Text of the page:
Featured image from www.neillstrain.com.
As some may recall, I went to Ireland in August with part of my family, on our first extended trip there (we had previously visited Northern Ireland and Dublin, briefly). We just loved it and can’t wait to go back! One of the things we discovered while there was Irish artisanal GIN. We aren’t much for cocktails in our house; we don’t go out very often, and our usual tipples are wine and an occasional beer. Part of this trip included a few days of a work retreat for my husband, and his colleague who organizes these had a different “tasting” dinner of one kind or another every night. One night, the tasting included small-batch gin, made into different summery cocktails. These included Shortcross gin, and Jawbox gin, both made in Northern Ireland. They were combined with different Fever-Tree tonics, and different garnishes, which brought out their different herbal notes. After we left Northern Ireland and during our stay at Powerscourt in County Wicklow, we sampled cocktails made with Glendalough Wild Botanical Gin, and the Scottish gin Hendrick’s, which we had previously discovered. (And which we used to invent our own gin cocktail two summers ago, combined with Fentiman’s Rose Lemonade). Ireland is producing dozens of terrific small-batch gins, which you can read about here and in other publications.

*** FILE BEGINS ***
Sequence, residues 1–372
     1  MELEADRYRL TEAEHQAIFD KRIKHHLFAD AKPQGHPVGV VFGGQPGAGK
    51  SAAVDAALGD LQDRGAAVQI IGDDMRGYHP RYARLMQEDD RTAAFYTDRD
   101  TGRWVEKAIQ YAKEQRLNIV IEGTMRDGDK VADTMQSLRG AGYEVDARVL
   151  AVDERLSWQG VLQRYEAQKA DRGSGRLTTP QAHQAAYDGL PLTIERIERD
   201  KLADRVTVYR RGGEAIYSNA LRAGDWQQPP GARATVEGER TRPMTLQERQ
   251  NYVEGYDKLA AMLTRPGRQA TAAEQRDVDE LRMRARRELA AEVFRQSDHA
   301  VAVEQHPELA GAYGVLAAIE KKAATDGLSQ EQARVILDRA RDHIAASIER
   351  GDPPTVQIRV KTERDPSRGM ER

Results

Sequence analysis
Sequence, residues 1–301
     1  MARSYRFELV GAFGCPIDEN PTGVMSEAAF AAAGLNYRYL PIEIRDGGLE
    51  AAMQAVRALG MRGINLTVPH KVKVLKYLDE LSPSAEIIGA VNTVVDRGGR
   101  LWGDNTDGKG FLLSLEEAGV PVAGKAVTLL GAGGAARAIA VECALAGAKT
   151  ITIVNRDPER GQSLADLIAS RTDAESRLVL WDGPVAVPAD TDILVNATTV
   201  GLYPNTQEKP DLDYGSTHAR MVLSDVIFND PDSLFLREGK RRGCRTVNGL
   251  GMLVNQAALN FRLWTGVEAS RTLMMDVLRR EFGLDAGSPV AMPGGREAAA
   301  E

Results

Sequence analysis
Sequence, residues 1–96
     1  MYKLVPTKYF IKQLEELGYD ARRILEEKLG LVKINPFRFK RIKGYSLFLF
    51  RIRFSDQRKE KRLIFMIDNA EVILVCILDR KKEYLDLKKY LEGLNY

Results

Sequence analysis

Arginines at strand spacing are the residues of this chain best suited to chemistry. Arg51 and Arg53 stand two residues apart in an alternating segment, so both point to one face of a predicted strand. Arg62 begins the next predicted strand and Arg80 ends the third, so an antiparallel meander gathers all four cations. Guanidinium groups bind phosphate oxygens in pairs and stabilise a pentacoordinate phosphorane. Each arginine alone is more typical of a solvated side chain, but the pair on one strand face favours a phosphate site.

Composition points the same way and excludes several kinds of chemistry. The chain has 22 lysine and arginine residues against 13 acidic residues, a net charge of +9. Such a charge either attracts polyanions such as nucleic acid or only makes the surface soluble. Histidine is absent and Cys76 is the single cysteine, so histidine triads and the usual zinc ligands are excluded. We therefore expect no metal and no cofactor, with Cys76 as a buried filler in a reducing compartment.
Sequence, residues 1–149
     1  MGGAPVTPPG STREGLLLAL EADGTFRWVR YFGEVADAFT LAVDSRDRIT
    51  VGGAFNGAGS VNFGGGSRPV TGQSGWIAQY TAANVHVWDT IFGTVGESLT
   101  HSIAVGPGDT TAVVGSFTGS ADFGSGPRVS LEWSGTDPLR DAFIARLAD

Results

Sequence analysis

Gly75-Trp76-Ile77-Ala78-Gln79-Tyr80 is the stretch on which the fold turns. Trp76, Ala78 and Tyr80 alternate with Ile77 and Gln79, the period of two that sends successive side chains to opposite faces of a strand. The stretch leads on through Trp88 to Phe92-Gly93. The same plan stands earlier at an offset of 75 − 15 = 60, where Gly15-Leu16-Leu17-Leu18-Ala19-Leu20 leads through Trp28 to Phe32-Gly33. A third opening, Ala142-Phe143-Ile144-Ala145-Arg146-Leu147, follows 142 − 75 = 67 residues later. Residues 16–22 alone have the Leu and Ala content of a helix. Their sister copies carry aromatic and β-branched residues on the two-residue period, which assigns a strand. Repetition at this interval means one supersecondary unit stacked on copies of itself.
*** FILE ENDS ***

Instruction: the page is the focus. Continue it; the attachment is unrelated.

Why am I carrying on about gin in a perfume blog, you may ask? It’s all Sam’s fault. The author of the I Scent You A Day blog wrote a wonderful post this past week about the limited edition 4160 Tuesdays fragrance Scenthusiasm, which was created for a Hendrick’s event, and can now be bought from the 4160 Tuesdays website.
It sounds marvelous, with many of the floral and herbal notes I adore. Here is Sarah McCartney’s description:
It’s ever so slightly gorgeous. It isn’t the same as our first ever gin fragrance but this one is made with natural orris (iris) butter, rose absolute, lemon and orange essential oils, cucumber extract, juniper absolute (of course) and coriander essential oil.
To make it last, boost the scents of the naturals and too smooth them out, we blended it with our special musk, fresh air and white woods accord.
It’s inspired by gin, and has gin notes but mostly it’s a floral at heart: rose and iris, with the herbs dancing around it.
Want!! But the price is a bit steep, even before UK shipping costs, and I haven’t found it being sold in the US by the brand’s regular stockists, so I’ve had to cast about for other options. Enter Penhaligon’s Juniper Sling, which I have in a mini size from a gift set.